A fire in a Bukit Batok flat last year that led to the death of the home owner was caused by a personal mobility device (PMD) that overheated as it was being charged, the coroner's court heard yesterday.
The Straits Times had earlier reported that private-hire driver Goh Keng Soon, 40, was unconscious when he was pulled out of his flat on July 18 last year.
He died two days later. He is possibly the first person known to have died in a fire linked to a PMD.
At an inquiry on his death, Inspector Muhammad Eszham Sabtu said Mr Goh, who suffered burns, died of multiple organ failure following a heart attack. He also had coronary artery disease.
The investigation officer told State Coroner Kamala Ponnampalam that three PMDs were found in the living room, but only one was being charged at the time.
He also said that when the fire broke out, Mr Goh tried to save his two dogs, but owing to the heat and smoke, he retreated to a toilet where he collapsed. Insp Eszham added that even though it was unclear if Mr Goh had saved his pets, both dogs survived the blaze.
Major Huang Weikang from the Singapore Civil Defence Force (SCDF) told the state coroner three people were injured following the fire but only Mr Goh died. The other two were his wife and a neighbour.
Maj Huang believes the fire was accidental and said that the living room furniture fuelled the flames.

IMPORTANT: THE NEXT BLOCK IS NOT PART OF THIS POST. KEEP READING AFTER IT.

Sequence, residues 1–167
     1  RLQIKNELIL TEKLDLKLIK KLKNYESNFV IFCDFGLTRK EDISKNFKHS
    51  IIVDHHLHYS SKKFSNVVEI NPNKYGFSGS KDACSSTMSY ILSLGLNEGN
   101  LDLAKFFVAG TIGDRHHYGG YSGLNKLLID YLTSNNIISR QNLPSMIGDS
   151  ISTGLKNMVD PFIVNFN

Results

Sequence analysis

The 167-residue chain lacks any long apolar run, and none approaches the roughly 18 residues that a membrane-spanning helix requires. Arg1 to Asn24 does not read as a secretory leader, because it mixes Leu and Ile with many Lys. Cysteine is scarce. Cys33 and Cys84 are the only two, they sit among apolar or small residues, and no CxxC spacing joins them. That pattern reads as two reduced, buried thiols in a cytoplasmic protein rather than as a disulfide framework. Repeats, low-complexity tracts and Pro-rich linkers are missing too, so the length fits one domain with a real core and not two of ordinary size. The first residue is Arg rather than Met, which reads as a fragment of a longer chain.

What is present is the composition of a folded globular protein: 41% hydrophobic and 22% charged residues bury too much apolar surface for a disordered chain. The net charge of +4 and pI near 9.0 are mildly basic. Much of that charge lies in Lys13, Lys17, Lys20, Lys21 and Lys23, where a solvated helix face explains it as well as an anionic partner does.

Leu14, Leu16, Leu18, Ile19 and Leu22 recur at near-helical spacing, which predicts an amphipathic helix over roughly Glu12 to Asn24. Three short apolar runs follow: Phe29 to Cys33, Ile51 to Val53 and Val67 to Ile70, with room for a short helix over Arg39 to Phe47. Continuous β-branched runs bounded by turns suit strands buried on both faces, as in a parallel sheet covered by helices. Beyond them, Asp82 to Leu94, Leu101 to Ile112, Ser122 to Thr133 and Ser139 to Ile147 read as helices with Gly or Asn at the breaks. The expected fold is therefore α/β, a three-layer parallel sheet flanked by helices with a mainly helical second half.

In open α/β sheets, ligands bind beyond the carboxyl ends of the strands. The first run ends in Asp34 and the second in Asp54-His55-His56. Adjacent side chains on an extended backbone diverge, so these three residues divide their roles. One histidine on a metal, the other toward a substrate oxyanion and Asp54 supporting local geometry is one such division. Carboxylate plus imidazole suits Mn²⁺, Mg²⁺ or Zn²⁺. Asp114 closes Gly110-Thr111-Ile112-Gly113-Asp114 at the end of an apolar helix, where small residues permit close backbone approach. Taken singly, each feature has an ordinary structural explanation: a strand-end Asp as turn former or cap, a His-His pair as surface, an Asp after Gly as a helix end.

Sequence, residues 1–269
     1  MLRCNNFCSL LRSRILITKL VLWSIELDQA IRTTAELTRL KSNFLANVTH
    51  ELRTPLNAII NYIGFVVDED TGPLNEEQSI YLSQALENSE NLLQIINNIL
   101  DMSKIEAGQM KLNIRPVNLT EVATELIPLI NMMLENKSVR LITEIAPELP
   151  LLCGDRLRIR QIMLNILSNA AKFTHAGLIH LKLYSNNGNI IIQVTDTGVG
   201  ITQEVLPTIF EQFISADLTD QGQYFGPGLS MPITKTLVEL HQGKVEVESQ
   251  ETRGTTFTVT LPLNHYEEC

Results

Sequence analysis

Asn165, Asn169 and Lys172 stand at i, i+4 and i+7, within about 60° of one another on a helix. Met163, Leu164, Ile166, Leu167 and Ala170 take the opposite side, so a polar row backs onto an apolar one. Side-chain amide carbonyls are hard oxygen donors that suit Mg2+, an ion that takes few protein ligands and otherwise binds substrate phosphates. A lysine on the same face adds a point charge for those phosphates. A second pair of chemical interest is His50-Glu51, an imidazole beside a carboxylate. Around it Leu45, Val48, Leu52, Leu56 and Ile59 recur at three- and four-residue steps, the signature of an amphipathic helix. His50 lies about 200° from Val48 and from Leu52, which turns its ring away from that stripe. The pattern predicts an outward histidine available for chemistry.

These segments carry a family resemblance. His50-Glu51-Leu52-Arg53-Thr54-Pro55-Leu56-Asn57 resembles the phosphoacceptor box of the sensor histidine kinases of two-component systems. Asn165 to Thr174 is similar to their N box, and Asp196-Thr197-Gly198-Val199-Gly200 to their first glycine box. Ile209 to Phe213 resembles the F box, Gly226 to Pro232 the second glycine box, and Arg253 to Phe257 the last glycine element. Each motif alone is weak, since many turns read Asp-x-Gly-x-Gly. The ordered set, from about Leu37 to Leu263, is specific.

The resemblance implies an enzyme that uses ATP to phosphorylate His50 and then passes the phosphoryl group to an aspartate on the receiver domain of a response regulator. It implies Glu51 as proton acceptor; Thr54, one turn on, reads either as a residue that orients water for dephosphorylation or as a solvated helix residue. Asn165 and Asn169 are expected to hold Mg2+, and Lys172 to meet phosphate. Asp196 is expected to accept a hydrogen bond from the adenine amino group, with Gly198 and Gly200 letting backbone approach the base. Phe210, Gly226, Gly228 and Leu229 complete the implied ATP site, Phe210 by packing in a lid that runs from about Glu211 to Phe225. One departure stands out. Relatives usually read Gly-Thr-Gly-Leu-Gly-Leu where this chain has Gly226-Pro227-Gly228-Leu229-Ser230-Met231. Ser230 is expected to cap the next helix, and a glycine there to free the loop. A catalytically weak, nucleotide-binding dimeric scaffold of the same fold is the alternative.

He said the path to safety for Mr Goh and his family might have been blocked as the burning PMD and sofa were near the front door.
As a safety precaution, he told the court that people should use only PMDs approved by the Land Transport Authority, adding: "Don't charge them overnight or (charge them) unattended."
Singapore saw a record 102 fires involving PMDs last year, almost double that of the previous year.
The SCDF had reportedly said all the fires involved non-UL2272-certified devices with some modification, mainly to the battery.
The UL2272 requirement was developed by an independent United States certification company.
It specifies a set of safety requirements covering the electrical drive train system of motorised PMDs.
All PMDs in Singapore must now be UL2272-certified.
The court heard that Mr Goh's PMD was damaged in the blaze.
As a result, it could not be ascertained if its battery management system was UL2272-certified.
The state coroner will give her findings at a later date.